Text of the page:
Per FCEL's 10-K (p. 15), its fuel cells are relatively "green" compared to other alternatives, as shown in Table 1. This would be especially the case with FCEL's carbonate fuel cells that provide an opportunity to concentrate CO2 from a dilute state to a concentrated state, which can then be captured. FCEL's primary competitors don't make carbonate fuel cells, which may provide it with a competitive advantage.

Table 1: Emissions profile of FCEL fuel cells

In FCEL's target markets (basically, CA, Northeast US, and South Korea), FCEL's levelized cost of electricity is competitive with the cost of electricity if purchased from the grid. Note that its target markets already have relatively high electricity costs.

Per FCEL's most recent 10-K, the capital cost of FCEL fuel cells has fallen about 60% compared to 2003. Here is an article on cost reductions over time in generating electricity via solar energy. Here is an article on cost reductions in wind energy. As FCEL works through its existing backlog and gains additional business, the capital cost of FCEL fuel cells may decrease.

In CT, the nominal 2018 cost of energy and RECs for the selected projects (including FCEL's Hartford and Derby projects) is about 10 cents per kWh. [PUR Decision in Docket No. 18-06-37, dated December 19, 2018, p. 7.] The average cost of electricity net of T&D costs is about 10.8 cents per kWh in CT, as discussed here. Thus, the fuel cell resource additions approved by the CT PURA would generally not tend to increase the cost of electricity for electricity users in CT.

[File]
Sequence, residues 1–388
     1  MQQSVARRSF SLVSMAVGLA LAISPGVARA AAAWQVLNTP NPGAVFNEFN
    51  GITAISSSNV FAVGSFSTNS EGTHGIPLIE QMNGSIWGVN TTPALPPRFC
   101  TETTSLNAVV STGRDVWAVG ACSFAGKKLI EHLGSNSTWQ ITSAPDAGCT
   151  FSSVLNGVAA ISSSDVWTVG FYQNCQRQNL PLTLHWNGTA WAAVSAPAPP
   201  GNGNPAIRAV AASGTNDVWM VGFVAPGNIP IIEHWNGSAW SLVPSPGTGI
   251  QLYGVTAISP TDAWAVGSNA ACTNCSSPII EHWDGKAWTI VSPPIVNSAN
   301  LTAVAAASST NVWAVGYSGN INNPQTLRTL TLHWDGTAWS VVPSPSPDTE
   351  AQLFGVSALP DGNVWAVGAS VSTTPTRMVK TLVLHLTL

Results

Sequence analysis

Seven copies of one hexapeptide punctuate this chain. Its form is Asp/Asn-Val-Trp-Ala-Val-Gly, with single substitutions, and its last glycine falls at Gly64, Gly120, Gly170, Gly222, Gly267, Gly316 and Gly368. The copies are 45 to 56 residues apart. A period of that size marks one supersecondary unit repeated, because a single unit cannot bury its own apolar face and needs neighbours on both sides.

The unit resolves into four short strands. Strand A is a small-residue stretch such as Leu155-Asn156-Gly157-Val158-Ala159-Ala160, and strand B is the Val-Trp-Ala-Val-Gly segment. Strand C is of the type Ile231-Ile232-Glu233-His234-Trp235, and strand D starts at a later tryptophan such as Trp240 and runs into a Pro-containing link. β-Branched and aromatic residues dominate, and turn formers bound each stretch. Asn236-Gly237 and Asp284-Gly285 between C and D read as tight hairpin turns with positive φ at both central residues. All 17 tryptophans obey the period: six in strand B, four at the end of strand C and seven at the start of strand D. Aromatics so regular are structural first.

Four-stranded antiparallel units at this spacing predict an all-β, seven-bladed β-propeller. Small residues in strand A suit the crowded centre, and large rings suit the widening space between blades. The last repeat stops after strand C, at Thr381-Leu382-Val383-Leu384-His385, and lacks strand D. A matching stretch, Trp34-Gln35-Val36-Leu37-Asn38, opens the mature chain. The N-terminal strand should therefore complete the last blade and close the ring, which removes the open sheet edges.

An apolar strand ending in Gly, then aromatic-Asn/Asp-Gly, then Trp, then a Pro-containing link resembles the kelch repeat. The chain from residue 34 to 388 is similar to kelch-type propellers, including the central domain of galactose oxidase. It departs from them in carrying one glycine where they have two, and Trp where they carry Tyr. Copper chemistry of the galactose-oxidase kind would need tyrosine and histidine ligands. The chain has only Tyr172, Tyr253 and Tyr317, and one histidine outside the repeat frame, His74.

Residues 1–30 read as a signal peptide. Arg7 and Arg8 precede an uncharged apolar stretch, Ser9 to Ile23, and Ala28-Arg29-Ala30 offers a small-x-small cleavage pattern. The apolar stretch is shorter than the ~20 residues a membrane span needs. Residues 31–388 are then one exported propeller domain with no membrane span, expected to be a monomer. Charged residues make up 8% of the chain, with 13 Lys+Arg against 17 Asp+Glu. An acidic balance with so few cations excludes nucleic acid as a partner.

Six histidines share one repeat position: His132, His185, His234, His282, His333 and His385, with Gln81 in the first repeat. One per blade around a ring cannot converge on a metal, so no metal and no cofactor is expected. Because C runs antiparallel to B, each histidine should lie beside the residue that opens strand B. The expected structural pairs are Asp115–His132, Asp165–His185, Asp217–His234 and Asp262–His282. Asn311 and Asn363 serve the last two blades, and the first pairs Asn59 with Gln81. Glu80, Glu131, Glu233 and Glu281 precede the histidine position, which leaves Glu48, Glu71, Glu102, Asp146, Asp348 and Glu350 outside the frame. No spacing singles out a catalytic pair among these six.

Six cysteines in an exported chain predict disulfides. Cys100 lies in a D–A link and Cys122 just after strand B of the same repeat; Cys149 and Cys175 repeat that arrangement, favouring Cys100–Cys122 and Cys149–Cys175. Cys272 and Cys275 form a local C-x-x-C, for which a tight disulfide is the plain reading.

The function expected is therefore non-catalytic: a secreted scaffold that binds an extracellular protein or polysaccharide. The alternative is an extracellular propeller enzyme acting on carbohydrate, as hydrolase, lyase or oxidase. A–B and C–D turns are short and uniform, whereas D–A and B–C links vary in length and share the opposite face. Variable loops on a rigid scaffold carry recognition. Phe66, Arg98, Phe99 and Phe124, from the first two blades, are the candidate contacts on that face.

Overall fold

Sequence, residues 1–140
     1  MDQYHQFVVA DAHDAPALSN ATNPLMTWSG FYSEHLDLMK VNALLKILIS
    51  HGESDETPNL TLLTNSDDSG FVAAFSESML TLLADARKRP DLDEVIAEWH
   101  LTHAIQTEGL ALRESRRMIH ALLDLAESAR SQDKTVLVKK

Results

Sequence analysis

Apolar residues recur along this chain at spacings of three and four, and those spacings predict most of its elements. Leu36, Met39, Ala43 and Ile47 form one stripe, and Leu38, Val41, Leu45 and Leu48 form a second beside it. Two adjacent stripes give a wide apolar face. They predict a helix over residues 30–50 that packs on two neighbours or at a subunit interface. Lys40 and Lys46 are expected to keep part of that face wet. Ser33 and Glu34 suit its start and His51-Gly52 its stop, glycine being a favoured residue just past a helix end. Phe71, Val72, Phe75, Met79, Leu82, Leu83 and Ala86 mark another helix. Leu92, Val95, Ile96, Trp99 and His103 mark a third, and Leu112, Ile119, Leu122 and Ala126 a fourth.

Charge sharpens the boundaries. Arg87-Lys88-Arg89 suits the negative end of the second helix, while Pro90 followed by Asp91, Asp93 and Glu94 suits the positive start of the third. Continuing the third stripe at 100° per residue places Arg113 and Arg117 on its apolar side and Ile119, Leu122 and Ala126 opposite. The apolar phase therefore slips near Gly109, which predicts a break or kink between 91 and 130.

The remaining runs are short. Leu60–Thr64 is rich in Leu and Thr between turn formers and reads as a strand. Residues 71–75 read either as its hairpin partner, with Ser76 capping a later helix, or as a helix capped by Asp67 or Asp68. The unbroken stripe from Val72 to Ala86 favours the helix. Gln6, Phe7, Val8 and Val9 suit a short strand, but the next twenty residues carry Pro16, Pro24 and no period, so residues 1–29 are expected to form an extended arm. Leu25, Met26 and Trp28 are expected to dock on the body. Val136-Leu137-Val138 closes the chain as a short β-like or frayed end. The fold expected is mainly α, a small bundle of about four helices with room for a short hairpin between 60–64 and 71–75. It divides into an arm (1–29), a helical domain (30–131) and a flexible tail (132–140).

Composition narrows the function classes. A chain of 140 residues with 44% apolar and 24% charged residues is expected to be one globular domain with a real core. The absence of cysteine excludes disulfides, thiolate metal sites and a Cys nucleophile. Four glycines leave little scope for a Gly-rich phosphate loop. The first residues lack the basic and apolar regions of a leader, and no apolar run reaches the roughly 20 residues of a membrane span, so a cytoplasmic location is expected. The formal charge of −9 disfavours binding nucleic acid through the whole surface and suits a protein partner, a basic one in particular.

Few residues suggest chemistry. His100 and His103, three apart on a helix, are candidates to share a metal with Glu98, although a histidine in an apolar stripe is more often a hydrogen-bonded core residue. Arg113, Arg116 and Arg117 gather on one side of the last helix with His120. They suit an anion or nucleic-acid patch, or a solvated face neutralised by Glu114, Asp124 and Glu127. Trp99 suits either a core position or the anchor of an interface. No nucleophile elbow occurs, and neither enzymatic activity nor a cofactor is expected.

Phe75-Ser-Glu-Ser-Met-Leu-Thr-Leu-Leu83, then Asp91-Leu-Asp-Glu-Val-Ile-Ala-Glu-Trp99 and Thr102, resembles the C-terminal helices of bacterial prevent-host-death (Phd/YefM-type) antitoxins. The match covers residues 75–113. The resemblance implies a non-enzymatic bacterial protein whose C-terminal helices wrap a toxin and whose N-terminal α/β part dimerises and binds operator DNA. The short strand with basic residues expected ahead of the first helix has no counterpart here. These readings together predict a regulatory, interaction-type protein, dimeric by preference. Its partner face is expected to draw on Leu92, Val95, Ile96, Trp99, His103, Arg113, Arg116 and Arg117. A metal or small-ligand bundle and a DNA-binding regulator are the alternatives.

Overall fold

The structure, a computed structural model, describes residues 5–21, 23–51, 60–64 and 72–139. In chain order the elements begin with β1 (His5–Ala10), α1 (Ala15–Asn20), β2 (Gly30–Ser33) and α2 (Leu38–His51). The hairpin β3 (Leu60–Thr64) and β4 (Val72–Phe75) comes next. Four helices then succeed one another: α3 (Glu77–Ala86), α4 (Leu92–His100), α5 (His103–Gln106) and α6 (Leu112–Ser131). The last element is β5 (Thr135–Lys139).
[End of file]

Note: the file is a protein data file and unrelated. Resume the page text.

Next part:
From an operating cost standpoint, FCEL is moving toward a seven-year design life for its fuel cells. FCEL provides guarantees for system performance and levels, including electrical output, usually for the 1st year of operation.

From a cost-of-capital standpoint, FCEL now has a construction line of credit with Generate Capital for $100 million, which may expand to as much as $300 million. I would expect that over time FCEL will gain working partner relationships with other energy financiers and infrastructure investors, such as Clearway Energy and its parent Global Infrastructure Partners, among others. Fuel cells may be an attractive addition to infrastructure investor generation portfolios that already include a lot of solar, wind, and natural gas generating plant.